Cremation and the Future of the Death Care Profession

June 12, 2018

In 2005, only about 32% of Americans chose to have their remains cremated as opposed to a traditional burial. Fast forward 10 years and the numbers show a very different result. According to the NFDA, the 2016 cremation rate was 50.1%. At the same time, if you look at the numbers for countries in Europe, the cremation rate has grown to more than 70%. The fact is, cremation rates are on the rise and the funeral profession needs to adjust accordingly.

By the year 2030, experts forecast that more than 70% of Americans will choose to be cremated. This doesn’t mean the end of the funeral profession. however, this does signify a need to adapt to the changing mentality and desires of today’s consumers. With that being said, a rise in cremation rates presents the opportunity for new services for funeral homes to offer and different ways to celebrate a life well lived.


The Rise of Cremation

As the baby boomers and older generations continue to age, end of life planning decisions is beginning to become the responsibility of the younger generations. While areas of the country like the Bible Belt still primarily hold burial services, the tide is changing in other areas across the country.

As religious beliefs continue to decline for younger generations, the need for a funeral is declining with it. In previous decades, a funeral was seen as a tragedy that needed to be mourned. Families would hold religious services to say a goodbye that respected their faith. Today, however, a social change has taken place with fewer people adhering to strict religious beliefs. People no longer want to mourn a loss with a religious ceremony. Instead, they would rather celebrate a life well lived.   

This shift in mindset has not only affected the burial rate, but also the number of funeral services being held. Instead of planning these somber affairs, people would rather celebrate their loved one’s life with parties and upbeat events similar to a wedding or birthday.

Image of flowers

What Funeral Directors Can Do to Adapt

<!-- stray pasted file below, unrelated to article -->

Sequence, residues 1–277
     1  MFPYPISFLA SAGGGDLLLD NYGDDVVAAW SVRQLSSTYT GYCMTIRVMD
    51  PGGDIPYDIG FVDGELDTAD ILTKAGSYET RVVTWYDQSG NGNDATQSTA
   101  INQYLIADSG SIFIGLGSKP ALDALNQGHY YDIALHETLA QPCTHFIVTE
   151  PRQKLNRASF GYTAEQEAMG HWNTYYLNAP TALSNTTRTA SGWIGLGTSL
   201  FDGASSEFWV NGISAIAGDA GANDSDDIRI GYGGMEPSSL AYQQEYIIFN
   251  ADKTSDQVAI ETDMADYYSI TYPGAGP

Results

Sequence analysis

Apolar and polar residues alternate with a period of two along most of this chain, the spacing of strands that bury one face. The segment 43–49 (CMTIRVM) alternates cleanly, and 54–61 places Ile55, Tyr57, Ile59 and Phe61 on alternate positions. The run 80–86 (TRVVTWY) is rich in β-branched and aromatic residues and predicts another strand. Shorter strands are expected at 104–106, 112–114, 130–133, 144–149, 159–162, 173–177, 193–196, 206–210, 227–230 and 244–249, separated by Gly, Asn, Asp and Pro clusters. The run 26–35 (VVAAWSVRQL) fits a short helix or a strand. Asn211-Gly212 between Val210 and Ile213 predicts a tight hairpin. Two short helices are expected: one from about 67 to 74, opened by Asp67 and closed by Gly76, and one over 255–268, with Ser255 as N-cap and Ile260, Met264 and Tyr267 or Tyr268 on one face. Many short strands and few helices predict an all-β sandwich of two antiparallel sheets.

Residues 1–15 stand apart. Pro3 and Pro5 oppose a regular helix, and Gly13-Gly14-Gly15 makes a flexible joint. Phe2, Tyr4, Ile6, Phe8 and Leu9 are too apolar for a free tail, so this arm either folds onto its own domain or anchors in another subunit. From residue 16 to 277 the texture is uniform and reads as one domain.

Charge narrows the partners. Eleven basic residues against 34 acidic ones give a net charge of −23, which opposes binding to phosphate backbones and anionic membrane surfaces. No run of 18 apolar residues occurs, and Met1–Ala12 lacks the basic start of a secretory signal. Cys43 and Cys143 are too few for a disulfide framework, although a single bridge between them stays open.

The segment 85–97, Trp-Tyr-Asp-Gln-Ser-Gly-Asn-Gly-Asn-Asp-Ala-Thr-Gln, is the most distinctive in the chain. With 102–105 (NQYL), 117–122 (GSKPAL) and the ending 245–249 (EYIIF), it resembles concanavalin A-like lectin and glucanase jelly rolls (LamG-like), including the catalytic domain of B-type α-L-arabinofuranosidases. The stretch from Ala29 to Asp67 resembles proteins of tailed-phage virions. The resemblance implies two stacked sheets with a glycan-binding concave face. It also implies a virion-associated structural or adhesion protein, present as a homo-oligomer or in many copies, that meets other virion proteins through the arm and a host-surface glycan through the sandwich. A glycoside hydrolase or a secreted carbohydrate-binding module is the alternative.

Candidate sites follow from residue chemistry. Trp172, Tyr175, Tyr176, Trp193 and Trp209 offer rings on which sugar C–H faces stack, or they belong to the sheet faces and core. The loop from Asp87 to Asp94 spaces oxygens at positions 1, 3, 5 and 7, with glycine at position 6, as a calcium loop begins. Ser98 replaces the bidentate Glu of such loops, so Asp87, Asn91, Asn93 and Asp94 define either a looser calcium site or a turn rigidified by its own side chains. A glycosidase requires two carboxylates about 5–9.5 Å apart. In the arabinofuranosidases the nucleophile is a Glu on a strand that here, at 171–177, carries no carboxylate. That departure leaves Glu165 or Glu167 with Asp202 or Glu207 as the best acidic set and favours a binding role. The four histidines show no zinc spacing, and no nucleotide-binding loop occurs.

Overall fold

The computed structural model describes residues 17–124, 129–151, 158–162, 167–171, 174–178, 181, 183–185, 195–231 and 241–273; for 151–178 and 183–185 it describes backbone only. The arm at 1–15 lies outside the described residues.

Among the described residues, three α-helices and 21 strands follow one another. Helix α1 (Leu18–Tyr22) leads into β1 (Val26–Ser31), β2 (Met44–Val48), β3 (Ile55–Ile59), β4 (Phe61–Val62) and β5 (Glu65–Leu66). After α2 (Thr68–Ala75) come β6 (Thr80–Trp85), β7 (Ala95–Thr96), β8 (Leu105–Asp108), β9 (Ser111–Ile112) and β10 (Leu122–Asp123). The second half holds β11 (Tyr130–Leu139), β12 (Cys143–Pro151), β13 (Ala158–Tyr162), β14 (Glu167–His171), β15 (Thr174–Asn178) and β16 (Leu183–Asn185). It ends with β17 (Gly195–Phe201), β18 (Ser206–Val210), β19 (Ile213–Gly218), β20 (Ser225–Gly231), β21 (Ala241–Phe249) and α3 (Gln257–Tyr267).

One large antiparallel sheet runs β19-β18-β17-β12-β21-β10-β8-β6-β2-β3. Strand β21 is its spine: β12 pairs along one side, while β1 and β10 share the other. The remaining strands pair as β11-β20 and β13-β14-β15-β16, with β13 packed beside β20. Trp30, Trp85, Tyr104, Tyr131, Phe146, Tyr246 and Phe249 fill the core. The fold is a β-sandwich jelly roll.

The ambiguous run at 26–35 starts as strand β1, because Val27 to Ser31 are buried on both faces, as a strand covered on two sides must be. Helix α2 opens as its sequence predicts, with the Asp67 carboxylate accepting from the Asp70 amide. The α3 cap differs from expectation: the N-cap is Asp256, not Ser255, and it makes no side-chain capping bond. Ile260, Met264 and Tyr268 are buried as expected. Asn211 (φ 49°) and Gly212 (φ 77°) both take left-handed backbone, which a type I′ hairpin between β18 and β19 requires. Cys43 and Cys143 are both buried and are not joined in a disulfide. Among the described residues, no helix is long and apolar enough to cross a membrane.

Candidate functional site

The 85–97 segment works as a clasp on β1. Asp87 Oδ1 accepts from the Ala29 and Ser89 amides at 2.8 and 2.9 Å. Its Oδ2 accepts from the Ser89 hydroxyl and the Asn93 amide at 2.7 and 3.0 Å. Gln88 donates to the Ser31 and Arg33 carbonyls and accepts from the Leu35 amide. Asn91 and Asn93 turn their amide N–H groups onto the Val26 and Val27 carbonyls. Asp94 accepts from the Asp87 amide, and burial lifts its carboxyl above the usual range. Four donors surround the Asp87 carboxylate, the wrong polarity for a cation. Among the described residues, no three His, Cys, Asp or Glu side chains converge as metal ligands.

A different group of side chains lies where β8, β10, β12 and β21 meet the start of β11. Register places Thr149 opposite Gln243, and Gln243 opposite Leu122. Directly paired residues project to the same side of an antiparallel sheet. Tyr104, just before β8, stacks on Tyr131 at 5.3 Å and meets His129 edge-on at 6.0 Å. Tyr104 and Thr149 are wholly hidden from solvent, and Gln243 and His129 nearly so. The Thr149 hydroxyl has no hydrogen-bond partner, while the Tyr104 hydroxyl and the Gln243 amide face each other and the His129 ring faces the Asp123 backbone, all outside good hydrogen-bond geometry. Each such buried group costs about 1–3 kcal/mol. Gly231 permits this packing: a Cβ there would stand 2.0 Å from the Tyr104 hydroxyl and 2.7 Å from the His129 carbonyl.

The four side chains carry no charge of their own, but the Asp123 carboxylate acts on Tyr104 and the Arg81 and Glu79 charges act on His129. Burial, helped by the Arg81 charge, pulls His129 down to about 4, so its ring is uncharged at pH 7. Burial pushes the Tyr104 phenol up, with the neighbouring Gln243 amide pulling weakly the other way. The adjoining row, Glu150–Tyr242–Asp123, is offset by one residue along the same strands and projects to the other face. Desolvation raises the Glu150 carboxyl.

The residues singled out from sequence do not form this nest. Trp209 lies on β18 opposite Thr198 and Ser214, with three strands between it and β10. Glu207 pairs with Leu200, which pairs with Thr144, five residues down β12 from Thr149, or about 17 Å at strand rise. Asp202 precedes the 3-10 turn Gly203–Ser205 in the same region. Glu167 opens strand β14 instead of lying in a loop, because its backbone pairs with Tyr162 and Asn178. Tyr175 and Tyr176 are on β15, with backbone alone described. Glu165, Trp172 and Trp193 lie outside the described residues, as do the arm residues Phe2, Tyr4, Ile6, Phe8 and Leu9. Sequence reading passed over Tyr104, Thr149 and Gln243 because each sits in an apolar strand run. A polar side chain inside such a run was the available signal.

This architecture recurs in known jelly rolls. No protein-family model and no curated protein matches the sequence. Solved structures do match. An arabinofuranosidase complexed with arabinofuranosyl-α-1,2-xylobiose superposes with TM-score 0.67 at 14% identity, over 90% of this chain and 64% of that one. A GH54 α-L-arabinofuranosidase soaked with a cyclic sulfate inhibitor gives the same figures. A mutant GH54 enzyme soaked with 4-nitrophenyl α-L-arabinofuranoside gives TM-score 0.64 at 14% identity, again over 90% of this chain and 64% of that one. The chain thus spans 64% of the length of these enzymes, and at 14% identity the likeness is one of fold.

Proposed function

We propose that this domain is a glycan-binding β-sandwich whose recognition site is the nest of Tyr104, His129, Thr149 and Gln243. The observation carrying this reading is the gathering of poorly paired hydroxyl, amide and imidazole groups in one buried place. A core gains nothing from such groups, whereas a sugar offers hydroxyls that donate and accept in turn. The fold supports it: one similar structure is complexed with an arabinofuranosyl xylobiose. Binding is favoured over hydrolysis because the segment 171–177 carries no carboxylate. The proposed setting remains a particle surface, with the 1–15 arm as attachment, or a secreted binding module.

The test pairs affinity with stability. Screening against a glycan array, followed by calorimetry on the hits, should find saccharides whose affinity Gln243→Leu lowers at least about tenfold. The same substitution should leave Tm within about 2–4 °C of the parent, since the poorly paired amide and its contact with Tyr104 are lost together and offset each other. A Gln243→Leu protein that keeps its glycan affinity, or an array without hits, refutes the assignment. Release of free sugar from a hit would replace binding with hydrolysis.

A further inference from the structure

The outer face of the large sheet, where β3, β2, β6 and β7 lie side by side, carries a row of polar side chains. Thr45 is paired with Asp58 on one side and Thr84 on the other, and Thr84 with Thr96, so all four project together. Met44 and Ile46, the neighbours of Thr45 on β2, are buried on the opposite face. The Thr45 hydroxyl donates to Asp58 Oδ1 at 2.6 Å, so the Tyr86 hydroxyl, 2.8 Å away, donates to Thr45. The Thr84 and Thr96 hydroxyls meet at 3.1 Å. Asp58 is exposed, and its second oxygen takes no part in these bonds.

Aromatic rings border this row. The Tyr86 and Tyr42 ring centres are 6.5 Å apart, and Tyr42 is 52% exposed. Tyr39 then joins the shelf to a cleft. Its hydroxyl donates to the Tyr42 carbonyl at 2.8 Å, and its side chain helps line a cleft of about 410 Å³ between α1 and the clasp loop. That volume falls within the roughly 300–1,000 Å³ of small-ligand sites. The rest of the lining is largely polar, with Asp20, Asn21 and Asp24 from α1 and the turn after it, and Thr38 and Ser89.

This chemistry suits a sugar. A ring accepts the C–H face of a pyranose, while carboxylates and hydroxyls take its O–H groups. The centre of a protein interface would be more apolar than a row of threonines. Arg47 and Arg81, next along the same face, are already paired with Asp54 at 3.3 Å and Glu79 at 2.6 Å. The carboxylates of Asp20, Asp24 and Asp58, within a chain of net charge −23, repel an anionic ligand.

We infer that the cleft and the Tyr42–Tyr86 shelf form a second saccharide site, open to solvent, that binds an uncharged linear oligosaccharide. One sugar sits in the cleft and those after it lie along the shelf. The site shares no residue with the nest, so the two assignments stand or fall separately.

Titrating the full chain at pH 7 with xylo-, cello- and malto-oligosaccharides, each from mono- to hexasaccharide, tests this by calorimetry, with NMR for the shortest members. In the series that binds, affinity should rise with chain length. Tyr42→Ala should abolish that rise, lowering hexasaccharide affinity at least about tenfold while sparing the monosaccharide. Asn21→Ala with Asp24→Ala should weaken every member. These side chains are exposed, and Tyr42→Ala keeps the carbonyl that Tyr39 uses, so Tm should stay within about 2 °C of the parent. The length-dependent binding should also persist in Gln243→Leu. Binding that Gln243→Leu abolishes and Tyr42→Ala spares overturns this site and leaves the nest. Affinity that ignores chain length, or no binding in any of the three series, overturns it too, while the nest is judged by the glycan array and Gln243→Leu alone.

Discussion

As the cremation rates continue to rise, it’s imperative that funeral directors prepare themselves for what’s to come. In today’s world, offering cremation services is a must for any funeral home. Not only do funeral directors need to be prepared to see a demand for cremation services, they must be ready to offer them.

If you are looking for a refresher or training course, consider earning CEU credits. This past month, for example, we held cremation arranger and crematory operator training courses for licensed funeral directors. In addition to earning CEU’s, the funeral directors that attended enjoyed a day full of learning and valuable training. To learn about our other upcoming events, make sure to visit our Events Calendar.

Tips for Your Cremation Services

If you want to make cremation services a more prevalent part of your business, it’s time to adapt. Here are 3 quick tips to help your cremation business reach more consumers.

  1.    Advertise it and make it a part of your marketing.

Simply put, how do you expect families to know you offer something if you don’t advertise it. Although you might arrange cremation services every day, families may not realize you offer cremation services. It may sound absurd, but many people hear funeral home and think that is the only thing they offer.

  1.    Enroll in cremation and celebrant training courses.

Consider enrolling in a cremation or celebrant training course to better prepare yourself. Each year, we offer several different CEU courses both online and offline. Visit our continuing education page for a list of all the courses we will be offering. Make sure to check back often as we are regularly updating our events.

  1.    Consider adding cremation to your name.

If you really want to let your community know about your cremation services, consider adding it to your name. This is a tactic used by many funeral homes today to help educate families about their services. If a family is considering two firms and one has cremation in the name and the other doesn’t, the former firm automatically has a slight edge in being chosen because the family knows that they offer that service.